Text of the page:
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    Options for treating drug-resistant lice

    Don’t be a louse: If you want to protect your patients against head lice, you need to understand the threat of these super-powered bugs—now often resistant to drugs—and the many ways to kill them off.

    Lice are becoming more immune to over-the-counter drugs like Rid and Nix, says Raegan Hunt, M.D., Ph.D. Earlier this year, a study1 examined head lice in 48 states (all but Alaska and West Virginia) and found 98% had developed mutations.

    The good news: “There are several fairly recently FDA-approved topical lice treatments that can be used to combat the resistant ‘super lice,’” says Dr. Hunt, a pediatric dermatologist at Texas Children's Hospital.

    Dr. Hunt spoke about lice in an interview with Dermatology Times prior to her presentation at the summer meeting of the American Academy of Dermatology in Boston.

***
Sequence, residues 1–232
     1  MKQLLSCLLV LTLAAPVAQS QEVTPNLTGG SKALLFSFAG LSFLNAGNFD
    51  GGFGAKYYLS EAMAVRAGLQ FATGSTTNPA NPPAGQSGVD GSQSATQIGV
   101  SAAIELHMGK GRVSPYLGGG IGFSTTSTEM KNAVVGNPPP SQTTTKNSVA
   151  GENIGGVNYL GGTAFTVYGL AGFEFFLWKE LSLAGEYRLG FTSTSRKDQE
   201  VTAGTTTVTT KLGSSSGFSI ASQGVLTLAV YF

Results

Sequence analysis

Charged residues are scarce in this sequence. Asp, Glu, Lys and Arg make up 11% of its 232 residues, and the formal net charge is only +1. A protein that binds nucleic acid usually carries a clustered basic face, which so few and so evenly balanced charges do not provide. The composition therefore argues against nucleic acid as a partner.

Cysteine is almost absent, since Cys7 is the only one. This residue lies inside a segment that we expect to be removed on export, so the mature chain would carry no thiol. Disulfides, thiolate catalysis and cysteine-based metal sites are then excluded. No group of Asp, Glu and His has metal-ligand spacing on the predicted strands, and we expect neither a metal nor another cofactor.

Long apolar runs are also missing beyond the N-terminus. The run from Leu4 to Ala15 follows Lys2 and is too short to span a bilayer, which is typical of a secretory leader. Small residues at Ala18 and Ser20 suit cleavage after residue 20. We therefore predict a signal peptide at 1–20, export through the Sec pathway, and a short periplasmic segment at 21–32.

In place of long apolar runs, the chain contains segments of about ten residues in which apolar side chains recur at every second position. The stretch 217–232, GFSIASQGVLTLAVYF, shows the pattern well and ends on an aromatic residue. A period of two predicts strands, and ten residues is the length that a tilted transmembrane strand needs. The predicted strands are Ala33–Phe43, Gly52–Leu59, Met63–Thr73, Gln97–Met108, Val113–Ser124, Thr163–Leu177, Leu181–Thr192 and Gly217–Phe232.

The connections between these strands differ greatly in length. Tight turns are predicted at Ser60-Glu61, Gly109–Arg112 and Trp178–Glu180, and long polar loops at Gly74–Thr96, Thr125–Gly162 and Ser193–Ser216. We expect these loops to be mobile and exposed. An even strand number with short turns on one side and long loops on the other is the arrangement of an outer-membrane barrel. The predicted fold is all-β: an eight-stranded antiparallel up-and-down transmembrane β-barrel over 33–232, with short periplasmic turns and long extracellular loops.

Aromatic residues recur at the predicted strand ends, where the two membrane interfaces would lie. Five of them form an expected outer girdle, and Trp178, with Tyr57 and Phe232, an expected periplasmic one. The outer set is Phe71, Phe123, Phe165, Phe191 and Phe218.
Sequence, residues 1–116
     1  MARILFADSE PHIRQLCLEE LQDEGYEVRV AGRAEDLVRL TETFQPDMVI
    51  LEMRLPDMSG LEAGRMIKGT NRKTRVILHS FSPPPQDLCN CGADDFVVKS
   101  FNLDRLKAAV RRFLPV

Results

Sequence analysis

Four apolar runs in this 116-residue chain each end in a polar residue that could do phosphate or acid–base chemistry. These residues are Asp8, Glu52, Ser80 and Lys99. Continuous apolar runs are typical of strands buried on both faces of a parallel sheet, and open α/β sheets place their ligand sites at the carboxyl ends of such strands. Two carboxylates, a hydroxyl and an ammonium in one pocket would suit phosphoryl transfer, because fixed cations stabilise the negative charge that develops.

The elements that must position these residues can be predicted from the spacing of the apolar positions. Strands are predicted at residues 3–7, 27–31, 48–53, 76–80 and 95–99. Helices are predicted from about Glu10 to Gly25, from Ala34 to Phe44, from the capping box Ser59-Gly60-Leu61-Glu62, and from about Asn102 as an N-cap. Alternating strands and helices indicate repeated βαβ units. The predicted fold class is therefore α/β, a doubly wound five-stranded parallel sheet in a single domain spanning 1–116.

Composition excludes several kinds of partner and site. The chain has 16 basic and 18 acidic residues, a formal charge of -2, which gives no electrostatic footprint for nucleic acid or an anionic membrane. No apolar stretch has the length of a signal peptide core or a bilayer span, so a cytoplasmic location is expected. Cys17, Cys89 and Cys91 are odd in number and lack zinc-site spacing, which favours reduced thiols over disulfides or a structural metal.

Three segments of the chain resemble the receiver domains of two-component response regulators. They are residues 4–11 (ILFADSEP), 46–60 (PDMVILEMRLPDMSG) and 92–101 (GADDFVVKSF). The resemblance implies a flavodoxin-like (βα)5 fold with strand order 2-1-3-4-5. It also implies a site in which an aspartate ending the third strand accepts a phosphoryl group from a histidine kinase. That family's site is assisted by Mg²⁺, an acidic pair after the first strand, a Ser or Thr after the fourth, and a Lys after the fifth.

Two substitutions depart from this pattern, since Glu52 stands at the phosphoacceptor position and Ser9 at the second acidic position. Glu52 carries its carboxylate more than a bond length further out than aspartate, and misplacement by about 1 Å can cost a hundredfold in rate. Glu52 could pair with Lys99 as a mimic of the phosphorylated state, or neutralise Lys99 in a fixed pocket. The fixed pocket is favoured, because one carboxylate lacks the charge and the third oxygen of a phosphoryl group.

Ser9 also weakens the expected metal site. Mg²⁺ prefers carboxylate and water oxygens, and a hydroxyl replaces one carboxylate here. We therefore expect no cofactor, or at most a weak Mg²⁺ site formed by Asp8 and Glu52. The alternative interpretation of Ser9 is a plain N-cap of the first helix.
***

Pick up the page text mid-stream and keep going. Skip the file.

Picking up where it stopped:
She offers these tidbits about the world of nits: head lice die in one to two days without feeding, and nits die within a week and cannot hatch if they are not near the scalp.

    What can be done? Hygiene is helpful, she says. Machine wash and dry all clothing and bed linens worn in the two days before treatment. Items that can’t be washed should be placed in plastic bags for two weeks. Soak combs and brushes in hot water (at least 130°F) for five minutes. And vacuum the floor and furniture around where the infested person sits or sleeps.

    Dr. Hunt also offers these pearls:

    • Lice move by crawling. They cannot hop or fly.
    • Pets do not play a role in transmission of human lice.
    • Nits alone do not indicate contagiousness.
    • Suspect sexual abuse if another kind of lice, pubic lice, appears in young or adolescent children.

    Next: Treatments for resistant lice

    Randy Dotinga
    Randy Dotinga is a medical writer based in San Diego, Calif.


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